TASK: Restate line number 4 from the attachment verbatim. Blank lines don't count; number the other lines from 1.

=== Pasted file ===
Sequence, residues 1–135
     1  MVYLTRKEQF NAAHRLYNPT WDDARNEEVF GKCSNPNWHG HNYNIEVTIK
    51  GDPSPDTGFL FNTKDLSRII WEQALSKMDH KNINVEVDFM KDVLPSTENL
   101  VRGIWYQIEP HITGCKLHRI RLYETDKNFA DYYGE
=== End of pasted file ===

   101  VRGIWYQIEP HITGCKLHRI RLYETDKNFA DYYGE